[A rather handsome photograph of Américo Paredes – with his guitar in his hand – in later life. Photo found on the University of Houston’s Houston Public Media Obituary https://www.houstonpublicmedia.org/articles/shows/2015/09/26/127130/writer-and-folklorist-amrico-paredes/ ]
Born in the fronteriza city of Brownsville, Texas in 1915, Américo Paredes was one of the foundational figures in the development of Chicano Studies. Working first as a newspaper delivery person, and later as a reporter for the Brownsville Herald during the Great Depression, Paredes served in the Second World War in the Pacific and only returned to the United States in 1950. Upon his return, he enrolled at the University of Texas and became the first Mexican-American to obtain a PhD from the university.
His first book, “With His Pistol in His Hand”: A Border Ballad and Its Hero (1958) is considered to be one of *the* foundational books in Chicano Studies and has proven to be a classic folkloric text in the historiography of the borderlands/frontera. This book helped pave the way for his career, which spanned decades and always focused on what he referred to as the “Lower Border” region. His work concentrated on cultural creations like corridos (popular Mexican ballads), fronteriza humour, and folktales. He helped to inspire countless people after him, ranging from historians within the academy to working class people interested in reconnecting with their cultura.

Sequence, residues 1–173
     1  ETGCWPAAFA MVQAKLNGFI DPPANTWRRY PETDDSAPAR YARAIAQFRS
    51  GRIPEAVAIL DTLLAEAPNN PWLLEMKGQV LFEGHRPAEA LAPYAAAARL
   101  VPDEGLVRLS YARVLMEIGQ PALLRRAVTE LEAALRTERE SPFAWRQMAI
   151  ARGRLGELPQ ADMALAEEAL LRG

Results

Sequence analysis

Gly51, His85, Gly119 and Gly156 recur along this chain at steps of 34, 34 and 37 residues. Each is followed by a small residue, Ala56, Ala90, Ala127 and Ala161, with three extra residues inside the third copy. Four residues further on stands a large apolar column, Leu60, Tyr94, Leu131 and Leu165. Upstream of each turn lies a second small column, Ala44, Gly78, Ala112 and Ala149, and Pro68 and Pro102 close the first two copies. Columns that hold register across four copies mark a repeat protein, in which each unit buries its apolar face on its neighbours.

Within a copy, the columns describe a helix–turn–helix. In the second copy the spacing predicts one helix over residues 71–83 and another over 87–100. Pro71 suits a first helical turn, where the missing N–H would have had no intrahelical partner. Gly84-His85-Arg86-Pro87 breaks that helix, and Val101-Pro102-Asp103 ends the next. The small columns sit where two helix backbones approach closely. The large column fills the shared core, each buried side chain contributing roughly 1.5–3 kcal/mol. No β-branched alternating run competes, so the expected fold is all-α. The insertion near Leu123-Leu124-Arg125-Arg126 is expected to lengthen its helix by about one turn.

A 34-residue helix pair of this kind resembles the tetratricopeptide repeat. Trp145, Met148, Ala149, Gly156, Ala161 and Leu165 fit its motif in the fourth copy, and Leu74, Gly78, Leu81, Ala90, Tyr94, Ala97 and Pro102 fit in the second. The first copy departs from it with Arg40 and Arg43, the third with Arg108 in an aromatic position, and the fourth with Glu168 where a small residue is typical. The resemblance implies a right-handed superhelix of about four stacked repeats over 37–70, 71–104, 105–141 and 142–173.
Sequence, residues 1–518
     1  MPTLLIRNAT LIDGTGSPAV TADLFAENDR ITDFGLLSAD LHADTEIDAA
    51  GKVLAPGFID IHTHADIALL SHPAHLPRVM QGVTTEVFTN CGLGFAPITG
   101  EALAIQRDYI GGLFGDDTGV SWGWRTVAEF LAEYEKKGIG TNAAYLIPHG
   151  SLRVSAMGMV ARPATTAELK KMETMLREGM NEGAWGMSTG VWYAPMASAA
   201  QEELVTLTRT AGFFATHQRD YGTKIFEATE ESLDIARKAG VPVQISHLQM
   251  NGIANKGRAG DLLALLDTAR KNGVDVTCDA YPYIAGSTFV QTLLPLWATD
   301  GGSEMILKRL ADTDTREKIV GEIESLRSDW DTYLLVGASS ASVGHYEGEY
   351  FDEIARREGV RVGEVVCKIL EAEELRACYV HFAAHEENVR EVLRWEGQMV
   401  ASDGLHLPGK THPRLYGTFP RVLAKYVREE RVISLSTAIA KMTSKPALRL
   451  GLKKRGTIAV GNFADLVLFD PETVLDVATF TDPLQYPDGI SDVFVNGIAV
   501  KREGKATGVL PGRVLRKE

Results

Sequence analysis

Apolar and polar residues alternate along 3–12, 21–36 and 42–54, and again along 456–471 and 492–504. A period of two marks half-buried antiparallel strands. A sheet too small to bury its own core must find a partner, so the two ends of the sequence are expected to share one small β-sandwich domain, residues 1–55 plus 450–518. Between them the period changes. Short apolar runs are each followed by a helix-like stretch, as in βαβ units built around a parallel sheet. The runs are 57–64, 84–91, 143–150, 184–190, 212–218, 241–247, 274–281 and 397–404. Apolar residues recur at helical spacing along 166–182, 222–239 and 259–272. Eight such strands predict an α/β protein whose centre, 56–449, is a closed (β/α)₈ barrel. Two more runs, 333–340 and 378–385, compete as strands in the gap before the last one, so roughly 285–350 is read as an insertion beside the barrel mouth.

Although it has been several years since Paredes passed away in 1999, his work continues to inspire both already established scholars and those of us like myself who are just beginning our academic careers. His work outside of the academy as a singer-songwriter was just as influential as his work as a scholar taking pride in studying his own culture. It is through the diversity of his passions that his work helped to create the modern discipline of Chicano Studies as it stands today.
Holley, Joe. “Americo Paredes, a Pioneer In Chicano Studies, Dies at 83.” New York Times, May 7, 1999. Accessed October 13, 2016. http://www.nytimes.com/1999/05/07/arts/americo-paredes-a-pioneer-in-chicano-studies-dies-at-83.html.
Medrano, Manuel F. Américo Paredes: In His Own Words, an Authorized Biography. Denton: University of North Texas Press, 2010.